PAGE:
First the facts: For those who haven’t been following, Last night the Miramar (Florida) Police tweeted that an arrest warrant was issued for two NFL players DeAndre Baker (New York Giants) and Quinton Dunbar (Washington Redskins). The two players allegedly robbed people at a house party alleviating them of approximately $37,000 in cash, watches and jewelry.
People at the house party were playing video games and cards when DeAndre Baker, Quinton Dunbar and a third man (wearing a red mask) broke into the house and robbed guests at gunpoint. The two NFL players will be charged with four counts of armed robbery and four counts of aggravated assault. One detail reported to police that was particularly disturbing is that Baker instructed the man in the red mask to shoot anyone if they tried to come through the door.
I do find it puzzling that the police department put out a tweet indicating a warrant was issued for the arrest of the two players who were named in the tweet. It makes me wonder if a hypothetical CEO of an automotive company that also produced tennis balls and anti-aircraft missiles, who would have committed the same crime, would have been named in the police department’s tweet. I was also shocked to learn that holding someone at gunpoint was illegal in Florida. Who knew?
I am kidding of course as this case is quite serious. Luckily no one was hurt in the altercation. While Baker and Dunbar await the legal process to see what lies ahead for them, this obviously is an issue for their NFL clubs to deal with. There will be no rush for the league offices to take action as the Covid-19 pandemic has the 2020-21 season in jeopardy to begin with. Still teams need to start weighing pros and cons.
For the Seahawks, Dunbar is a new arrival. Quinton Dunbar asked to be released or traded from the Washington Raceskins. Dunbar hasn’t really laid his roots and Pete Carroll is a Super Bowl winning coach who is largely admired as being one of the best in the NFL. If I were a betting man, I would hedge toward him being released before playing a game with his new team. I also think the case for DeAndre Baker is more interesting.
Armed with a yellow legal pad Dave Gettleman (NY Giants GM) needs to evaluate whether or not enduring the storm with Baker will be worthwhile. He traded three picks to move up and select Baker with the 30th overall pick in 2019. I, as a Georgia Bulldogs fan, liked the move while most Giants fans and media disliked the pick. A New York post article referred to Baker as being “dumb as dirt” and “uncoachable”. I found this fascinating when you consider how many college players come into the league who have been treated like stars since high school, are given everything on college campuses and then expected to be humble once they’re paid millions to do what they’ve done for years. But I digress…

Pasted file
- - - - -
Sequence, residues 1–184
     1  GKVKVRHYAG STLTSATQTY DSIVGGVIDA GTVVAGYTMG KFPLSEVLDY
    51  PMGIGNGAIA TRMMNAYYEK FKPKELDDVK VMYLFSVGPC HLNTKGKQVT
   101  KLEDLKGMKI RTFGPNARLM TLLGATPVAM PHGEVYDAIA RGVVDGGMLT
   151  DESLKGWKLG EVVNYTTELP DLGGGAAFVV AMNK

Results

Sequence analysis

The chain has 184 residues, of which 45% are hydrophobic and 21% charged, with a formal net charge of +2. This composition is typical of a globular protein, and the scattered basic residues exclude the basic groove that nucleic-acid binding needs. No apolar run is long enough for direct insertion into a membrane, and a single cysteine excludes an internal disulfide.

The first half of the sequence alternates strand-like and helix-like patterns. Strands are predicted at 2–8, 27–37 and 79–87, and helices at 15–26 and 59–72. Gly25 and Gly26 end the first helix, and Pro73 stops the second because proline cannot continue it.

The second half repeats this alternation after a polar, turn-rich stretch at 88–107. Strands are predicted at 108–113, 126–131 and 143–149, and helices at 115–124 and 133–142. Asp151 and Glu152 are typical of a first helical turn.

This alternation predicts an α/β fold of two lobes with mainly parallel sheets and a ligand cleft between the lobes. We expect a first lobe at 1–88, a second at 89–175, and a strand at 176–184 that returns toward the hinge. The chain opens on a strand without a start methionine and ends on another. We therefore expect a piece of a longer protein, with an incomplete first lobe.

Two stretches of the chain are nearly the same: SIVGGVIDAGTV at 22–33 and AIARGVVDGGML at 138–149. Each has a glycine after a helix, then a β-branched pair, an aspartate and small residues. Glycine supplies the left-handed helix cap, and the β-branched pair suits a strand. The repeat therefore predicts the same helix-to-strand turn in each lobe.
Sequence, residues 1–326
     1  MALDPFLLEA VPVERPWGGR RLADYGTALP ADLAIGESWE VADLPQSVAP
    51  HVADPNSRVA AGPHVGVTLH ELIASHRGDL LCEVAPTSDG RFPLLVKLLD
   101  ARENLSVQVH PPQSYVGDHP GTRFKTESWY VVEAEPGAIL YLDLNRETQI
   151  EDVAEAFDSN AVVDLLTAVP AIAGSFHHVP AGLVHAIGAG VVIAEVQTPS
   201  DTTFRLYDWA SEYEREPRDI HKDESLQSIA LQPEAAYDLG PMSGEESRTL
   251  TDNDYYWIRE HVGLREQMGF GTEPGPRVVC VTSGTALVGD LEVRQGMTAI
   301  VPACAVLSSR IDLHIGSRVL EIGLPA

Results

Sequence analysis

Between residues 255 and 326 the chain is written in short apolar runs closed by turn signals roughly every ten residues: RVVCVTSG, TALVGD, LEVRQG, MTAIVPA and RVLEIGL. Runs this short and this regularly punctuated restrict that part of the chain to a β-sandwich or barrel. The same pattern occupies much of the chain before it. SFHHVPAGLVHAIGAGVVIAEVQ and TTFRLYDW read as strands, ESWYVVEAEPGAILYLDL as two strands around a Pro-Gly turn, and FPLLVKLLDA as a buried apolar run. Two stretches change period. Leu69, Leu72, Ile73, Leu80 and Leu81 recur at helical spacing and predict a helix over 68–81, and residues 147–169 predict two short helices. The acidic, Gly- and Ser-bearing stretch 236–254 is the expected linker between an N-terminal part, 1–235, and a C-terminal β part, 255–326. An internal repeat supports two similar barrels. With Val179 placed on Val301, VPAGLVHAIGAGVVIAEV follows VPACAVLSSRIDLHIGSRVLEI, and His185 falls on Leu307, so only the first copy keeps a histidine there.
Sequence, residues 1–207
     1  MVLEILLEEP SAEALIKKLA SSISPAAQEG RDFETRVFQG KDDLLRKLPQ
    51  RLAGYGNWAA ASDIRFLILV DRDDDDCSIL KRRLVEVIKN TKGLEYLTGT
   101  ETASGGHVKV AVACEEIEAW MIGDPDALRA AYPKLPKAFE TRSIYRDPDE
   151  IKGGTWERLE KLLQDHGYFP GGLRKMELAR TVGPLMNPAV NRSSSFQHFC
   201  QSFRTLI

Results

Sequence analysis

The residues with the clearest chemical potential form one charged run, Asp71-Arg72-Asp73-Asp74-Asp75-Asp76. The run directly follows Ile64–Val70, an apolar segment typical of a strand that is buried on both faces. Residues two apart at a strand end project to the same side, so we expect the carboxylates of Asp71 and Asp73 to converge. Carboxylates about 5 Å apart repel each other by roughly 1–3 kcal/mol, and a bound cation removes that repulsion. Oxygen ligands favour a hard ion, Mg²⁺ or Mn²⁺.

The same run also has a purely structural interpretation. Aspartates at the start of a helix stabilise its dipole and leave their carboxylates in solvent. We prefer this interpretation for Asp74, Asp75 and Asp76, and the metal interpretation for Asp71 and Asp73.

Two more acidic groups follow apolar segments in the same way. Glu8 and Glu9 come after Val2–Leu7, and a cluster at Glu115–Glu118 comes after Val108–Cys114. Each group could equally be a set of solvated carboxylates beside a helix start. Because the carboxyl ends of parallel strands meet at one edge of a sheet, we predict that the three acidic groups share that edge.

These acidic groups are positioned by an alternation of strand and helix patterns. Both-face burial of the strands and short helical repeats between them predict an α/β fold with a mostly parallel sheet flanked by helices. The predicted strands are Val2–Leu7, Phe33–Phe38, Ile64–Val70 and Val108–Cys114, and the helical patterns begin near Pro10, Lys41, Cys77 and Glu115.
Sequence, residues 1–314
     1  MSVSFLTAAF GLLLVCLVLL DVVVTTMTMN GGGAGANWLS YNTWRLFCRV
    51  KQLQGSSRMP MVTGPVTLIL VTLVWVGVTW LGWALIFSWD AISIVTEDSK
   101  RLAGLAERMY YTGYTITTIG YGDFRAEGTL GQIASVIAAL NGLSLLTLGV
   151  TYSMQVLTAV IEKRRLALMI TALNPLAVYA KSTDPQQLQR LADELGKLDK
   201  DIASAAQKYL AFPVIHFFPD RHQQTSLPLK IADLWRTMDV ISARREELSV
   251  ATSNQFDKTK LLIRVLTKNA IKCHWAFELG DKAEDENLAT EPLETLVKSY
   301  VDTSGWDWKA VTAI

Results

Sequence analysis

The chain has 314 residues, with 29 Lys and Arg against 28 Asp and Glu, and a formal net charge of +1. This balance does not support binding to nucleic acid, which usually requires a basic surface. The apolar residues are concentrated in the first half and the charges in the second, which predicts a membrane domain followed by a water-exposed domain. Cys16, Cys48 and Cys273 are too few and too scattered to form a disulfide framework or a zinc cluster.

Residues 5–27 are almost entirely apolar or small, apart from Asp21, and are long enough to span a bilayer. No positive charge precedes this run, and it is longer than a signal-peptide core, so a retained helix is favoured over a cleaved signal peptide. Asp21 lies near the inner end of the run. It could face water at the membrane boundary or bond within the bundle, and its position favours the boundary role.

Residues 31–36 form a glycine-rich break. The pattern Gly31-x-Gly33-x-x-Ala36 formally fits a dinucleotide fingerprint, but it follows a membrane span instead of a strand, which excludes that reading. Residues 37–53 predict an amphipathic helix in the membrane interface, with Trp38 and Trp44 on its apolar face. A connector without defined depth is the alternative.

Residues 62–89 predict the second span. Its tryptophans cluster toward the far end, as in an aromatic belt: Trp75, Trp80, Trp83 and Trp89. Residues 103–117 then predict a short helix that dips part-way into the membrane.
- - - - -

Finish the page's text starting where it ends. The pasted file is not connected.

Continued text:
Firstly, after a tough rookie season, DeAndre Baker improved in his second season. He showed flashes of the ability he showed in college and was looking to become an anchor for the G-Men’s secondary in his third year. There is also the inherent value of first round picks. These picks do tend to get the most chances at success but it has also been reported that about 50% of first round picks end their careers as perceived busts. This is much lower a bust rate than later rounds but does seem somewhat high.
The fact of the matter is, that NFL players are often seen, for the most part, as replaceable cogs in the machine. The most valuable obviously see the longest tenures and are extended the longest leash (case in point: Ben Roethlisberger who has been indicted for sexual assault twice during his NFL tenure). However, most coaches and general managers are often willing to roll the dice on younger versions of the same proto-type who have less mileage on their bodies. In an NFL where teams carry many more defensive backs than any time in the league’s history, the position is more valuable but each individual player is seen as an archetype. These archetypes can be replaced through scouting and their individual skills seem to matter less than having the right types of pieces to fit into a defensive scheme.
The moves made by the Giants after this incident will be intriguing. Dave Gettleman needs to know that he’s already opened his first letter. The first letter of course (made famous in Nicholas Cage’s Lord of War) refers to a letter left to Czar Nicholas II to open after his first crises. The letter indicates that he is to blame everything on the Czar’s predecessor. In this case, Giant’s ex-coach Pat Schurmur fell victim to the first letter. If this is not handled delicately Dave Gettleman will need to walk over to the weirdly oversized desk we saw on draft night, open the drawer and open that second envelope. Anyone who’s seen the movie, of course, knows that once this step is taken, Gettelman will simply see the words: Start writing two letters.